Trivia fact: Westover is an award-winning author... in Esperanto. No, I don't know what to do with that either.

After that, disgruntled, I picked up All the Colors of Darkness, by Peter Robinson, hoping that it would make up for the previous, irritating entry in the Alan Banks series. It did, and with the exception of one issue which I address below, it was most satisfying. The mystery is engrossing and full of red herrings (and the ending is left ambiguous); the characters are realistic; no one gets needlessly shamed. Perfect Sunday afternoon reading.

The issue? Well, I am well aware that I am a miserable snob when it comes to the particular classics that shaped my early life. I can be talking to someone who I know, for a fact, is smarter than I, but if it comes up that they don't know who Uriah Heep is, part of my brain is going to think, Are you still in contact with your wolf mother? Which is ridiculous. Plenty of very well-read, intelligent people simply have not followed the same literary path I have. Plenty of them might reasonably think wolf-related thoughts of me when they find I haven't read Proust, or China Miéville, or whichever authors shaped their early lives. Despite what my solipsism wants to believe, it's not all Dickens and Shakespeare, for everyone.

And yet. And yet. Please tell me - I hear my grandfather speaking through me from the grave here - please tell me that we have not reached the point of being unable to assume that readers know the plot of Othello. I can't stand to believe that we are so lost as all that. But Peter Robinson believes it, and so when he writes a book featuring the plot of Othello as a major reference, we get something ugly.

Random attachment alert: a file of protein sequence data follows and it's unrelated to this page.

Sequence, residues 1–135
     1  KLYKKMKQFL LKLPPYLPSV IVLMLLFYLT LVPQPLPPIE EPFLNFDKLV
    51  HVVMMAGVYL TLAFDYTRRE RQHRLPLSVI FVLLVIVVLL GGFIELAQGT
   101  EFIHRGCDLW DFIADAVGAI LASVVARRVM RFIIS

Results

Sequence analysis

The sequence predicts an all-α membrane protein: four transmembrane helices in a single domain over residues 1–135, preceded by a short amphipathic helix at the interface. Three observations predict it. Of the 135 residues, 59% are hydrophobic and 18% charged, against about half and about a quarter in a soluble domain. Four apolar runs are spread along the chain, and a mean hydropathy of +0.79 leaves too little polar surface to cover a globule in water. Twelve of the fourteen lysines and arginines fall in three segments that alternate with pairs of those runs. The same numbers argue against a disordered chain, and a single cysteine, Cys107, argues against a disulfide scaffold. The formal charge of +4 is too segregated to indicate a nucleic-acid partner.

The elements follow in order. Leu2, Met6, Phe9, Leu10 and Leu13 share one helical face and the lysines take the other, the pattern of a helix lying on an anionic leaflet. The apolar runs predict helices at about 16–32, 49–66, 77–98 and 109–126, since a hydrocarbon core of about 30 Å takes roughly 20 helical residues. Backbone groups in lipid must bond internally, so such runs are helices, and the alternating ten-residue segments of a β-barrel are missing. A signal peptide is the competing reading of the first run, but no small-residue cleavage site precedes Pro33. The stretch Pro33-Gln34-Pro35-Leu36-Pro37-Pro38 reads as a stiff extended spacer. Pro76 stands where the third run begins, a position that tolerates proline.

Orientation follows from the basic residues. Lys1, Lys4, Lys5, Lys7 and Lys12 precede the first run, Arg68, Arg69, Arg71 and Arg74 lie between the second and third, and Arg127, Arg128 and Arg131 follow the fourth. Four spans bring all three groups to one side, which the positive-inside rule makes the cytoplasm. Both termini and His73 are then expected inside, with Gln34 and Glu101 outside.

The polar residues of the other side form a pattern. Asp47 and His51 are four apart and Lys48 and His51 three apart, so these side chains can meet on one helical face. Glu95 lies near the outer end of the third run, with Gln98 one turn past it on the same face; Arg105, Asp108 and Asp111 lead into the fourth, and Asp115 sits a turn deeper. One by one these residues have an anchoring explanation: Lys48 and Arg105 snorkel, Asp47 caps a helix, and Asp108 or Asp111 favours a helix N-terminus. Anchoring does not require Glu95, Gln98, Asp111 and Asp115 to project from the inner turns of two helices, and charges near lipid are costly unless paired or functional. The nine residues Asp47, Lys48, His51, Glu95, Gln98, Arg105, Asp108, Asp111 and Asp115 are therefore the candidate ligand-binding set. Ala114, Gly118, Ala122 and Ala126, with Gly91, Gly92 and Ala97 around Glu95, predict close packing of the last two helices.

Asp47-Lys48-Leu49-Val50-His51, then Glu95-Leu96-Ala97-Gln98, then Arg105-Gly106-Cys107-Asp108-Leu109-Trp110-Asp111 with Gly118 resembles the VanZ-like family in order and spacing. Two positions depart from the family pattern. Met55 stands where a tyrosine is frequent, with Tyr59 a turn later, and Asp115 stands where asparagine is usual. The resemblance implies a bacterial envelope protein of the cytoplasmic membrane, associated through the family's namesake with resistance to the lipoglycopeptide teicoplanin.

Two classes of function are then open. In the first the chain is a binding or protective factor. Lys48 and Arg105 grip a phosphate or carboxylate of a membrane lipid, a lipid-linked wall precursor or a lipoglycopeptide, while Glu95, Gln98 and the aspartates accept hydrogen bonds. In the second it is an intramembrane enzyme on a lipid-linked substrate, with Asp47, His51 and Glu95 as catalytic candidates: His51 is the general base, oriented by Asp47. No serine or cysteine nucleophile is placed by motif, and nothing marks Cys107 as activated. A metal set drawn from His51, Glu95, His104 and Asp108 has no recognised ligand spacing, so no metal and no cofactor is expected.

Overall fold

You all know my annoyance with this by now, surely. You know that when suddenly otherwise well-read characters (one of them an English major, no less!) are saying, "No, I haven't read Othello since high school, and I have forgotten everything about it including the villain's name, why don't you give me the Cliffs Notes right here," I start frothing. We're not talking King John or Pericles here, for pity's sake! Spare me! And the four-page infodump from the English-major character (who nonetheless needed a plot refresher, ARGH) on how the play is really about the power of language and persuasion... YOU DON'T SAY. Please, Robinson, get your Jasper Fforde on and tell me more!

Grrr. Anyway, I know that this brings out the worst in me. ("What do you mean, there are people who haven't already studied Othello's subtext to death in liberal-arts-college honors seminars? What wretched peasants.") But if Robinson felt compelled to handle it this way, he could have done a less clumsy job of it. Say, have one character not know the literary reference, as opposed to all of them; and get the subtext part across through a scene in which two intelligent people who have just seen the play discuss the staging chosen for that performance, as opposed to the scene he wrote, in which one of those intelligent people lectures the other like he's never heard of Shakespeare, even though they have just come from said performance. The awkwardness of it all was what really got me.

On a happier note, I have started Bring Up the Bodies, Hilary Mantel's sequel to Wolf Hall, and I cannot put it down. It's much shorter than Wolf Hall (300-some pages as opposed to 600) and feels far less dense. Some of this is due to the fact that most of the main characters have already been introduced, and BUtB is covering a shorter time frame. But I am just whipping through it, to the extent that one can whip through Mantel's language combined with complicated political maneuvering, and loving it madly.

Thursday, May 10, 2012

heave away, haul away

This past week I re-read Eric Jay Dolin's Leviathan: The History of Whaling in America. Despite the weird recurring punctuation typos (I need a job as an editor, seriously), it is a pretty amazing book. He spends some time at the end talking about a 1922 movie set in the 1870s and filmed in New Bedford: "Down to the Sea in Ships". Intrigued, I queued that baby up. It arrived last night.